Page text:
So as you can see, the journey to make my body match its gender role is not an easy one or a joke. I've been transitioned for 11 years and I still to this day deal with issues that crop up from time to time. Unfortunately a lot of the issues that affect me come from my own community. I love my people, our history and culture but we can sometimes be more narrow-minded, contrary and intolerant than many right wing fundamentalists. It's bad enough when African-American transpeople are disrespected by society at large. But it really hurts when the drama comes from people that share your cultural heritage. But as Zora Neale Hurston once wrote, `All my skinfolk ain't my kinfolk.'

So what is it like to be transgendered? The best way I can describe it is if you grew up female, imagine that you had all the same feelings, hopes, desires and dreams you always had growing up but you had your brother's (or some other male relative) body. Then try navigating puberty in that body knowing that something's different about you, but you can't quite put your finger on it. While you're trying to sort that dilemma out, you're being ostracized, picked on,and bullied. Then it finally gets revealed to you that you're on the wrong side of the gender fence and start making the moves to correct that situation.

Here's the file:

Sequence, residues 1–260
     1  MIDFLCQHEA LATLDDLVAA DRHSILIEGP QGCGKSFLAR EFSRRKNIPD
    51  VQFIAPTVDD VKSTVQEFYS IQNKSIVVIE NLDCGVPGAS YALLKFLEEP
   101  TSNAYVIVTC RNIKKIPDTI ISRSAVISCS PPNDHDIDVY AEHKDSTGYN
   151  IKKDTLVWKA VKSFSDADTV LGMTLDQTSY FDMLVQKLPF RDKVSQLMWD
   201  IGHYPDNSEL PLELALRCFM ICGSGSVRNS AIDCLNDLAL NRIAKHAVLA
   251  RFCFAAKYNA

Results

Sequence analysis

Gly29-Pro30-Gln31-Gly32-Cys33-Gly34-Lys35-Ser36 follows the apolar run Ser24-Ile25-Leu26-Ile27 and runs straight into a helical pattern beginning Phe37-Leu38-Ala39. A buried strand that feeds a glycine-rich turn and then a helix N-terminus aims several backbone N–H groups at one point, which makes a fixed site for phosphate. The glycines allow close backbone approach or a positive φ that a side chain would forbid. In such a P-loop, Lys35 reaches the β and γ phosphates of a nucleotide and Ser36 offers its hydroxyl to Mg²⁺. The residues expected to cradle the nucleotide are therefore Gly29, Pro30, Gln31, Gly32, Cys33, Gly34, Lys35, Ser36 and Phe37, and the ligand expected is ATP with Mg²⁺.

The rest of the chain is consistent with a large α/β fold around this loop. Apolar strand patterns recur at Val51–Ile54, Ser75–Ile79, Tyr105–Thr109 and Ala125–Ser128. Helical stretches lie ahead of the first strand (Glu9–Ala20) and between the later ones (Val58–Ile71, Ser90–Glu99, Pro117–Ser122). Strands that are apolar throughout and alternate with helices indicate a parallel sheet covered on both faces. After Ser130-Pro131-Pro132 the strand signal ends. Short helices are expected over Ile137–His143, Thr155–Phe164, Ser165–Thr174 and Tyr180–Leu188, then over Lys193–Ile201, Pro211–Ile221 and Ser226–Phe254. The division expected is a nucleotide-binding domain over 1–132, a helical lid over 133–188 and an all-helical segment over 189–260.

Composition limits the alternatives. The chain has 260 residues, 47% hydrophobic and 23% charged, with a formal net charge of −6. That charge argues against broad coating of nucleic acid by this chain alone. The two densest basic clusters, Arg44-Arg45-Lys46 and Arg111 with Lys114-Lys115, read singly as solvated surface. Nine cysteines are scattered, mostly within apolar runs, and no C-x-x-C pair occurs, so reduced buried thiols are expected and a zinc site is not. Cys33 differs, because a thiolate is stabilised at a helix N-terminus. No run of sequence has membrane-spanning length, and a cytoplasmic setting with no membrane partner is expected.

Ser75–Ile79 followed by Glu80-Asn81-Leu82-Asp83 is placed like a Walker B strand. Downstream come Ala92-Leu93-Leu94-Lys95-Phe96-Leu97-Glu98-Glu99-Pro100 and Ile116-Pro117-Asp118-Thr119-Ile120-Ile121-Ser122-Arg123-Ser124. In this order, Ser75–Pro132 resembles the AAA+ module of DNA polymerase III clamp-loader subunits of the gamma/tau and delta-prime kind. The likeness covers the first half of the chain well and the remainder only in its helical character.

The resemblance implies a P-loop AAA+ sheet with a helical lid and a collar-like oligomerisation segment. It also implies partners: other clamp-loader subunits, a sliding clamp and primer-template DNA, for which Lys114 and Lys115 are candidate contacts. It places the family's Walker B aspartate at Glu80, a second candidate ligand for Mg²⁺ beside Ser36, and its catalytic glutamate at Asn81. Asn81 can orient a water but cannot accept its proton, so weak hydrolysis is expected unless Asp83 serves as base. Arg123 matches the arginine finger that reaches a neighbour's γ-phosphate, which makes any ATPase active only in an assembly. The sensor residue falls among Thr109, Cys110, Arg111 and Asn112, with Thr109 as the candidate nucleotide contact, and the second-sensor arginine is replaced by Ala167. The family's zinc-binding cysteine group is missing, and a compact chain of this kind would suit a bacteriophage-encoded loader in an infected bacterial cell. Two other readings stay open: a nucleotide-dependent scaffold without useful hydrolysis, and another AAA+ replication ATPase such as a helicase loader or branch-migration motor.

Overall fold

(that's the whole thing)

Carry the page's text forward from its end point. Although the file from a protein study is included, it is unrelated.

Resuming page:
I'm blessed that I came through the journey as a well-rounded spiritual person proud of who I am, what I have accomplished, what I'm going to accomplish and the person that I have evolved to become. I'm extremely happy and content with my life. I may be six-two without my heels, but that does not give you carte blanche to refer to me as `he'. I look at and think about life, love and the world around me through a feminine prism. Unfortunately thanks to anti-transgender violence many of my sisters don't get that chance and fall by the wayside.Others are emotionally wounded by the anti-transgender vitriol that comes from people in our community, their families and increasingly the pulpits of our churches

There are a lot of talented African-American transgender people like myself who are poised and ready to contribute our education and talents to uplift our race. Many of them reside in the Louisville metro area. The question I put forth to my fellow African-Americans is will you allow us the opportunity to do so?

Thursday, January 05, 2006

I Won A Trinity!

A few days ago I received word that I became the third African-American transwoman to receive an IFGE Trinity Award.